NASA’s DART spacecraft isn’t on this earth long – and it’s going off with a bang. Tothe Double Asteroid Redirection Test Probe has the asteroid Didymos and its tiny companion rock Dimorphos firmly in its sights. On Monday, September 26, DART will hurtle into Dimorphos at approximately 14,000 miles per hour. You can be there live and we have all the details here.
First of all, we should reiterate that there is nothing to worry about. This asteroid pair poses no threat to Earth. The mission is designed as a planetary defense test run with the intention of proving that it is a space collision can change the orbit of a space rock. The carefully orchestrated death dive will destroy the DART and, if all goes according to plan, slightly alter Dimorphos’ orbit around its parent Didymos.
In recent weeks, the team at the Johns Hopkins Applied Physics Laboratory, to ensure we have an accurate understanding of the orbits of the asteroids. Once DART is destroyed, ground-based space telescopes will study Didymos and Dimorphos to see how much the orbit has changed.
The $308 million spacecraft’s only instrument is the Didymos Reconnaissance and Asteroid Camera for Optical Navigation (DRACO), which powers on for the final dive and takes a picture every second. Another tiny satellite that snuck out of DART en route to its target will also be watching.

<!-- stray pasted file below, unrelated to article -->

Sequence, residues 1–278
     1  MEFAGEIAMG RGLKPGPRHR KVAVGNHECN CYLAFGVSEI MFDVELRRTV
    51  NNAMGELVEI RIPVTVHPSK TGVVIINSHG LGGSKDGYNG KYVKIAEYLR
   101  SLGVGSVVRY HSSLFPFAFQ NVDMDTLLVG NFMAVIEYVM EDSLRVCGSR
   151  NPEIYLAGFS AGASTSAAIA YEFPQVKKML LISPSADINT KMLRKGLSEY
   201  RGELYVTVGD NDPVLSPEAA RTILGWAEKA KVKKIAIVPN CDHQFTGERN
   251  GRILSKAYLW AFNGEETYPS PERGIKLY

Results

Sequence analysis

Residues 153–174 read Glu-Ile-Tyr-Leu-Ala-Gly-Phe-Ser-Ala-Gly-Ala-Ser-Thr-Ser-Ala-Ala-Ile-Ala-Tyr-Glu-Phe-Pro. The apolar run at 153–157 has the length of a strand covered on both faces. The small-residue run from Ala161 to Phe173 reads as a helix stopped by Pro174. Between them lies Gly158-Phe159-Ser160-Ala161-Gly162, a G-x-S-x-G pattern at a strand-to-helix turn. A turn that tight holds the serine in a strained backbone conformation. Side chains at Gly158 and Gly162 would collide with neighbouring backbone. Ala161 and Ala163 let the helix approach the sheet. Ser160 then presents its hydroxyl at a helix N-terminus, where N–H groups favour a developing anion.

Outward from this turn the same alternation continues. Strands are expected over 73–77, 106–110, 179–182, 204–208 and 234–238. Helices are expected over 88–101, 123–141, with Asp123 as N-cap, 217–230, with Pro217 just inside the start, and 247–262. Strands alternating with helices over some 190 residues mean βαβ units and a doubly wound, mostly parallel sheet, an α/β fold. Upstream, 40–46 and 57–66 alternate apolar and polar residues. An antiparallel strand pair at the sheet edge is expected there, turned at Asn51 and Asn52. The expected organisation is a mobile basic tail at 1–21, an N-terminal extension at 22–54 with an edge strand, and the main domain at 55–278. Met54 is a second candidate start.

About three minutes after the collision, the shoebox-sized cube (known as the Light Italian Cubesat for Imaging Asteroids) will take high-resolution photos of the crash site and the damage inflicted on the 525-foot asteroid. Another mission, scheduled for launch in 2024, will also rendezvous with Didymos sometime in 2026.
But that’s for later, for now, here’s how you can see DART’s demise.
Here’s how to watch NASA’s DART coverage
NASA’s DART death is on Monday’s prime time, coming just hours before the big Monday Night Football match between the New York Giants and the Dallas Cowboys.
The spaceship will collide with Dimorphos at 4:14pm PT/7:14pm ET on Monday, September 26th. Live coverage is scheduled to begin at 3pm PT/6pm ET via NASA TV.
Our YouTube channel, CNET Highlights, will have two streams. The main live stream and a feed from the spacecraft’s DRACO camera. NASA notes that when turned on, the feed is mostly black, but as the spacecraft approaches, the asteroid pair will come into view. It should be pretty exciting.
Here is how this time is translated into different zones:
- US: September 26, 4:14 p.m. PT/7:14 p.m. ET
- Brazil: Sept. 26, 8:14 p.m. (Federal District)
- UK: September 26, 11:14 p.m
- South Africa: September 27, 1:14 am
- Russia: September 27, 2:14 am (Moscow)
- United Arab Emirates: September 27, 3:14 am
- India: Sep 27, 4:44 am
- China: September 27, 7:14 am
- Japan: September 27, 8:14 am
- Australia: September 27, 9:14 am AEST
Sounds great. Where can I learn more about DART?
We’re glad you asked.
When DART launched in November 2021, CNET’s Monisha Ravisetti was thereabout the mission and its goals. The Johns Hopkins Applied Physics Laboratory team also has a wealth of resources about the mission, including hands-on interactive information and the latest updates.
Check here for the live stream links closer just before launch and check outfor more space stories.